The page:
Wandering around on stage like a business guru peddling the latest management gimmick or a missionary for a religious revival, David Cameron made a virtue of his vulnerability, displaying few notes and even fewer actual policies. The Conservatives closed ranks around such clear sincerity, faced down Labour's inept spin-doctoring and got the positive press that they needed to head off an election.
This would be shallow stuff on which to assess policies, careers and ideals, so there must also have been matters of substance influencing events. Shadow chancellor George Osborne had obviously struck a chord by announcing that estates of less than £1 million would be excused inheritance tax. Battle lines were drawn up in the media and the political parties.
A lot of people suddenly came out as long-standing doubters of inheritance tax, even though it is a virtually worldwide phenomenon and not even the Tories want it to be abolished. After all, it is a relatively pain-free source of government revenue. Cutting it could be funded, so Osborne claimed, by the sort of tax on resident foreigners that Labour has never dared impose.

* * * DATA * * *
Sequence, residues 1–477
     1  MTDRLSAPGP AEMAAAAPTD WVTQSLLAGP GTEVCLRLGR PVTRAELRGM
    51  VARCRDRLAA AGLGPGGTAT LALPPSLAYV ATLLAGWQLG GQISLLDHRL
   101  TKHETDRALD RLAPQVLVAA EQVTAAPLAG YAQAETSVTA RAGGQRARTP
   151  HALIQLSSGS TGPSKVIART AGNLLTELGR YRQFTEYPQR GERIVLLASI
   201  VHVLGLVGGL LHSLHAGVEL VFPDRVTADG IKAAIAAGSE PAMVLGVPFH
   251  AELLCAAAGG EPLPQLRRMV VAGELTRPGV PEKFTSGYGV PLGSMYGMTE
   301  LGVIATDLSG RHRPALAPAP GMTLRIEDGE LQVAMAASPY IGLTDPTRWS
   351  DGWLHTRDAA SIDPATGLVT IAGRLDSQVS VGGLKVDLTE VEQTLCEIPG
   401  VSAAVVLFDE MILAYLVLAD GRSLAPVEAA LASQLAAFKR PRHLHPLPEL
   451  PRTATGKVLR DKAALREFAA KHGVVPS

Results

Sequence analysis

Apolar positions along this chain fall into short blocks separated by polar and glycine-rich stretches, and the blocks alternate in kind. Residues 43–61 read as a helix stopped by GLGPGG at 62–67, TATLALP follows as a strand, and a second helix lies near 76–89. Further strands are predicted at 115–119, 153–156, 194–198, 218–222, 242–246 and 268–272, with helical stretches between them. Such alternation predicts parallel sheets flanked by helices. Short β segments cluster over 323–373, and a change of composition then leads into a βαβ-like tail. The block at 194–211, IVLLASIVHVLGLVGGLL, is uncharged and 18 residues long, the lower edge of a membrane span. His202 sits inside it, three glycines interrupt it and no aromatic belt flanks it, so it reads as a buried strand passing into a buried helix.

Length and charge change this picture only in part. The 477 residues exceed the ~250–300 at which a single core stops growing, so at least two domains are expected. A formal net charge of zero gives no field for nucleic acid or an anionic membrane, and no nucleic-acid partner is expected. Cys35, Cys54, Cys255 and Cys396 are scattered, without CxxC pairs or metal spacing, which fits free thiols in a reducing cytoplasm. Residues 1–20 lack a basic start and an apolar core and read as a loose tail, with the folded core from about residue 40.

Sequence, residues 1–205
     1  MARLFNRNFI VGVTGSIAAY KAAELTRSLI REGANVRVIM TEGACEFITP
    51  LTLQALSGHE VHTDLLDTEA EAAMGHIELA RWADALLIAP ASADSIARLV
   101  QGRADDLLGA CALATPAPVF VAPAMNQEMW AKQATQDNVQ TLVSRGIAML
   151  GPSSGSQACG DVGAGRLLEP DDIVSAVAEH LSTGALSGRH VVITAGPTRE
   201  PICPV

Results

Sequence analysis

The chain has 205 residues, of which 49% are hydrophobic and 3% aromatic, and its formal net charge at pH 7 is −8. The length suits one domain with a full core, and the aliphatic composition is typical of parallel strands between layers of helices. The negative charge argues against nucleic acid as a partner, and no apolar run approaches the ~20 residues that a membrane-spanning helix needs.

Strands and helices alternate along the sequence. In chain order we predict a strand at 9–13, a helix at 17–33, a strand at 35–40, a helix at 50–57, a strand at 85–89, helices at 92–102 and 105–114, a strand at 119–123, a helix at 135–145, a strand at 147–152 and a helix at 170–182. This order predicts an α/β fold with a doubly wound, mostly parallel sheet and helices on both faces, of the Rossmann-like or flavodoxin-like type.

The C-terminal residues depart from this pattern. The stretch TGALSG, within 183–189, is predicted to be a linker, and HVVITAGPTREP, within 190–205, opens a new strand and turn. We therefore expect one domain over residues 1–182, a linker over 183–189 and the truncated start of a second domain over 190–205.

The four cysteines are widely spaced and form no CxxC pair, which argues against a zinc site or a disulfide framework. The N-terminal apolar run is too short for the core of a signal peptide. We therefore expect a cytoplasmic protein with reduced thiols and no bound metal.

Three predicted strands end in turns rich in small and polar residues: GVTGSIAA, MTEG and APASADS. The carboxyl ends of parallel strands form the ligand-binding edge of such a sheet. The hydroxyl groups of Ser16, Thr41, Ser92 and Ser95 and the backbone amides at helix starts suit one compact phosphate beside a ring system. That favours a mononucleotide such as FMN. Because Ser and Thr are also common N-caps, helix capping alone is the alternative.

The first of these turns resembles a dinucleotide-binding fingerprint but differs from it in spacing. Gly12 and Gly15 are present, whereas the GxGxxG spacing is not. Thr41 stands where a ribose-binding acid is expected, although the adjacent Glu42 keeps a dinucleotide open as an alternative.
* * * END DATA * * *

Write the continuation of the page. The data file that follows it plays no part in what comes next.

Everyone knows that it is the rise in house prices that has put inheritance tax in the spotlight. Older people on modest incomes and with few savings can find themselves pushed into the inheritance tax bracket through no fault of their own just because of favourable market conditions for houses that they may have bought more cheaply a generation earlier.
The connection that chancellor Alistair Darling needs to make clear, preferably as soon as this week's pre-budget report, is that the success of the government approach to house building will eventually defuse the house price issue, if a much less desirable price crash does not intervene first. Increased house building in response to demand is vital for economic well-being.
Darling could go some way towards shooting the Tories' fox by acknowledging that present house price levels are an anomaly and excluding them from inheritance tax calculations, perhaps using a sliding scale in relation to size or price, to avoid investment being hidden in private homes. He could then retain the principle of taxing unearned windfall profit, of which inherited wealth must be an even more obvious example than the betterment arising from granting planning permission.
- Anthony Fyson is a freelance writer on planning issues.